Christine Brown, who is now the principal investigator on the project, is quoted in a front page article in the San Francisco Chronicle, on the significance of the check for California:

“This is an initial payment for the recognition of the potential of this therapy. If it’s ultimately approved by the FDA as a commercial product, this could be a continued revenue source.”

In the same article, John Zaia, Director of the City of Hope Alpha Stem Cell Clinic, says this also reflects the unique nature of CIRM:

“I think this illustrates that a state agency can actually fund research in the private community and get a return on its investment. It’s something that’s not done in general by other funding agencies such as the National Institutes of Health, and this is a proof of concept that it can work.”

Maria Millan, CIRM’s President & CEO, says the amount of the payment is not the most significant part of this milestone – after all CIRM has invested more than $2.5 billion in stem cell research since 2004. She says the fact that we are starting to see a return on the investment is important and reflects some of the many benefits CIRM brings to the state.

“It’s a part of the entire picture of the return to California. In terms of what it means to the health of Californians, and access to these transformative treatments, as well as the fact that we are growing an industry.”

 

Novel approach to slowing deadly brain cancer stem cells may lead to new treatments

Glioblastoma, a form of brain cancer, is one of the most dreaded cancer diagnoses. Standard radiation and chemotherapy treatments for glioblastoma almost always prove ineffective because of the cancer’s ability to grow back. With their unlimited potential to self-renew, cancer stem cells within the brain tumor are thought to be responsible for its aggressive reoccurrence. Not surprisingly, researchers looking to develop more effective therapies are focused on trying to better understand the biology of these cancer stem cells in order to exploit their vulnerabilities.

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MRI image of high grade glioma brain tumor (white mass on left). Image: Wikipedia

This week, the Dartmouth-Hitchcock Medical Center reports that a research team led by Damian A. Almiron Bonnin has identified a cell signal that the brain cancer stem cells rely on to resist standard treatments and to regrow. They also showed that drugs which interrupt this signal reduced tumor growth in animal studies.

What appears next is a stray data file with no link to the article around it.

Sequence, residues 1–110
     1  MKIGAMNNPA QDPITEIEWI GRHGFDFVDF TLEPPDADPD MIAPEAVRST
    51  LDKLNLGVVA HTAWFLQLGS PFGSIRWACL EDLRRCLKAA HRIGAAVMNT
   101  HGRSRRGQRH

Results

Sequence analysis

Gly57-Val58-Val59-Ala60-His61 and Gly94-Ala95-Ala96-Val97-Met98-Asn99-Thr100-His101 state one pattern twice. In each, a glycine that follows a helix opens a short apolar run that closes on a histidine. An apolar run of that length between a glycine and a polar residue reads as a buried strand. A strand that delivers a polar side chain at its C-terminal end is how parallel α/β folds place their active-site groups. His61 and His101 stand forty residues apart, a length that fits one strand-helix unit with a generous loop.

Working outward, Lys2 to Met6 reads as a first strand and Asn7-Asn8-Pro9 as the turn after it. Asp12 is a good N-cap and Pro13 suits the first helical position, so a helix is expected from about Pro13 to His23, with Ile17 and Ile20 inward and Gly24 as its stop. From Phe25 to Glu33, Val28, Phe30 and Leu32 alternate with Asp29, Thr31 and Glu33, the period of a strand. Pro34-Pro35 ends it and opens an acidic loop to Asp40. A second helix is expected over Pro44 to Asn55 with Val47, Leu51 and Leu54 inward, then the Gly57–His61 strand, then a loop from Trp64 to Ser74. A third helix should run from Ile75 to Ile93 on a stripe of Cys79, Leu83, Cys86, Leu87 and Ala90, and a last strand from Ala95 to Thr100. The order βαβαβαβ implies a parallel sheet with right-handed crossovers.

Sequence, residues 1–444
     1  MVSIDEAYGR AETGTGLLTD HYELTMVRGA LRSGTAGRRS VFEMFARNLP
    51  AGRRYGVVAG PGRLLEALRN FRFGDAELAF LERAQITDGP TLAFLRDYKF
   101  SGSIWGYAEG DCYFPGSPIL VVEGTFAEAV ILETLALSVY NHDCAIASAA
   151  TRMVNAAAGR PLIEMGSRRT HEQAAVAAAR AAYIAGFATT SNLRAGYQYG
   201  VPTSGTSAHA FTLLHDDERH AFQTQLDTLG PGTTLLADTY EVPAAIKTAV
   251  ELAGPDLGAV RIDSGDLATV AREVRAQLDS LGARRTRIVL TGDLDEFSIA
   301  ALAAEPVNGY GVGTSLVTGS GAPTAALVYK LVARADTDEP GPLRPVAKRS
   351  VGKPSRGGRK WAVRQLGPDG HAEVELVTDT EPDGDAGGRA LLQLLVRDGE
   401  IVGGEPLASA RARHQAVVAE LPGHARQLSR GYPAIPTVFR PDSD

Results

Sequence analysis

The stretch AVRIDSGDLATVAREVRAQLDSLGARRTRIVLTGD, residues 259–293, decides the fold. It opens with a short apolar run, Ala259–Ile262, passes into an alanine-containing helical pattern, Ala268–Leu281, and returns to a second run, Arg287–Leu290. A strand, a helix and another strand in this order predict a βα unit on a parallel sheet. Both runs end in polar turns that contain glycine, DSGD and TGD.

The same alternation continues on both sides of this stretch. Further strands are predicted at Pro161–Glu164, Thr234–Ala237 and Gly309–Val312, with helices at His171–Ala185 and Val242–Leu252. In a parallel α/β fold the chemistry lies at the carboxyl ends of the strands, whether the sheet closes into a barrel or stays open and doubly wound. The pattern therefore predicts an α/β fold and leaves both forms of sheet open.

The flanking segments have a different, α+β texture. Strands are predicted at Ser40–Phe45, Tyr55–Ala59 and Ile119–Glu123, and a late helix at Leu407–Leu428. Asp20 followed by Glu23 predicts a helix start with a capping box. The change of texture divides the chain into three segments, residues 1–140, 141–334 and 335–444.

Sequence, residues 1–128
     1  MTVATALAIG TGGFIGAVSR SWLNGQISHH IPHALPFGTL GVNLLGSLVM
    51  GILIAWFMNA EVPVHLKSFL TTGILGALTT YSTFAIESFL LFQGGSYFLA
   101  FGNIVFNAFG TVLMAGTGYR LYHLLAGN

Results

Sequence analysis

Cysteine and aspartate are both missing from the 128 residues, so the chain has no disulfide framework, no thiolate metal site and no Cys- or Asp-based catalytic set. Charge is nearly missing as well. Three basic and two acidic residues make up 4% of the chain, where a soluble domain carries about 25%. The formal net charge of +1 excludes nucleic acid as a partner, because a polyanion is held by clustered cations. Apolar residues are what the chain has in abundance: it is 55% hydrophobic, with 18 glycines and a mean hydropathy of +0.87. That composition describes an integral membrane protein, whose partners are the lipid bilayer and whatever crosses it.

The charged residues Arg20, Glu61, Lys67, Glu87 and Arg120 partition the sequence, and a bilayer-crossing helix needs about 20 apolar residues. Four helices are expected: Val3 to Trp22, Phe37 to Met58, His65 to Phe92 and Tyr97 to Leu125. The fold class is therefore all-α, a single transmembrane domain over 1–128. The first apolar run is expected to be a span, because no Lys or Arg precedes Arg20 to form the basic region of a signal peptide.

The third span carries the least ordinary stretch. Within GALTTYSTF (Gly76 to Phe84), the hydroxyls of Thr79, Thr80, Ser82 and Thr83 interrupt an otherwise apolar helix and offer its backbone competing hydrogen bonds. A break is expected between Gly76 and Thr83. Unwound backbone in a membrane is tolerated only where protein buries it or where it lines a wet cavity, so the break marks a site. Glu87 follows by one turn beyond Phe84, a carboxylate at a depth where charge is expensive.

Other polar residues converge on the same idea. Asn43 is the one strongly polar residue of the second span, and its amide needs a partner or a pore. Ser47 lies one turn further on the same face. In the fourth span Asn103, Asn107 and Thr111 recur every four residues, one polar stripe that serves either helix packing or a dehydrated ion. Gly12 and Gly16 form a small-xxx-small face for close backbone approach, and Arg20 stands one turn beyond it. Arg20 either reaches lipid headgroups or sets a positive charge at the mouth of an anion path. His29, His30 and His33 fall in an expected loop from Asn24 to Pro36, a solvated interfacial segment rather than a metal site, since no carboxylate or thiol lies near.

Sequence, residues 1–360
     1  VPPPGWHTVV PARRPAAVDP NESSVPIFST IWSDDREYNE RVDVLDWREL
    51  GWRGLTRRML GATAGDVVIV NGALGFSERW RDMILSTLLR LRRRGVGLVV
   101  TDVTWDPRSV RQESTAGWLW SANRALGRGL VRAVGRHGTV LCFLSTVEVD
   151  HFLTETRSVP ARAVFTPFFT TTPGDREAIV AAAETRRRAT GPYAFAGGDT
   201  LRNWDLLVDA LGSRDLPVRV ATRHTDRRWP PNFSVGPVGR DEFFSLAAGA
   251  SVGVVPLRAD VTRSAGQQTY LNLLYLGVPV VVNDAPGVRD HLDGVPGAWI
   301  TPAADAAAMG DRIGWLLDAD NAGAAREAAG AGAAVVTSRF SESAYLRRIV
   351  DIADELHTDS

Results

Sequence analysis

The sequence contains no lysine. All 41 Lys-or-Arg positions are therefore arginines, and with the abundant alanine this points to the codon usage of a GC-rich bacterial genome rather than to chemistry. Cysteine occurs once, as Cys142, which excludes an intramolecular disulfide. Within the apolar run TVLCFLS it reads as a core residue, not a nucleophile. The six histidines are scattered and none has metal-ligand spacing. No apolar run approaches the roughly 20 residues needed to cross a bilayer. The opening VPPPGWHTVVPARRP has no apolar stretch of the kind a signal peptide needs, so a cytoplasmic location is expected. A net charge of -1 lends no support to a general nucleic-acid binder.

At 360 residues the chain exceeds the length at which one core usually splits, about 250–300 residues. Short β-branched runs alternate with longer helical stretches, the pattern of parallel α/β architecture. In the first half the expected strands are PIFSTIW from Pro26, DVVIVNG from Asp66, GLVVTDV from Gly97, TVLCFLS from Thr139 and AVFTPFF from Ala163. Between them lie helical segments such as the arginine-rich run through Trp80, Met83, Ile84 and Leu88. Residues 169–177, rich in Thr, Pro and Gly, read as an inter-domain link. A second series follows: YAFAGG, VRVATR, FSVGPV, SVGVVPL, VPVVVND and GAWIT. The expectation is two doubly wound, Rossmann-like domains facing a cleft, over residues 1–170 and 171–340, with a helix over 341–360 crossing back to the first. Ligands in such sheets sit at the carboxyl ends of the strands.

Because if its aggressive growth, the cells within the glioblastoma eventually become starved for oxygen or, in scientific lingo, they become hypoxic. The presence of hypoxia in brain tumors is actually predictive of a poor prognosis in affected patients. A protein called hypoxia-inducible factor (HIF) becomes activated in these low oxygen conditions and helps the cancer stem cells to survive and continue to grow. The research team found that HIF carries out this function by triggering a cascade of cell activity that leads to the secretion of a protein called VEGF out into the microenvironment of the tumor. As secreted VEGF spreads through the tumor, it stimulates new blood vessel growth which is key to the tumor’s survival by nourishing the tumor with oxygen and nutrients.

Adding drugs that block a cell’s ability to release proteins, led to a reduction in glioblastoma tumor growth both in petri dishes and in animal studies. With these results, published in Oncogene, Dr. Almiron Bonnin’s team is performing the necessary preclinical studies that could lead to testing this novel strategy in patients. He summed this effort in a press release:

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Damian Almiron Bonnin

“Being able to target the cancer stem cells within these tumors, like we did here, could potentially improve response to current chemotherapies and prevent recurrences, which would translate into an increase in patient survival rates.”

 

Stem Cell RoundUp: CIRM Clinical Trial Updates & Mapping Human Brain

It was a very CIRMy news week on both the clinical trial and discovery research fronts. Here are some the highlights:

Stanford cancer-fighting spinout to Genentech: ‘Don’t eat me’San Francisco Business Times

Ron Leuty, of the San Francisco Business Times, reported this week on not one, but two news releases from CIRM grantee Forty Seven, Inc. The company, which originated from discoveries made in the Stanford University lab of Irv Weissman, partnered with Genentech and Merck KGaA to launch clinical trials testing their drug, Hu5F9-G4, in combination with cancer immunotherapies. The drug is a protein antibody that blocks a “don’t eat me” signal that cancer stem cells hijack into order to evade destruction by a cancer patient’s immune system.

Genentech will sponsor two clinical trials using its FDA-approved cancer drug, atezolizumab (TECENTRIQ®), in combination with Forty Seven, Inc’s product in patients with acute myeloid leukemia (AML) and bladder cancer. CIRM has invested $5 million in another Phase 1 trial testing Hu5F9-G4 in AML patients. Merck KGaA will test a combination treatment of its drug avelumab, or Bavencio, with Forty-Seven’s Hu5F9-G4 in ovarian cancer patients.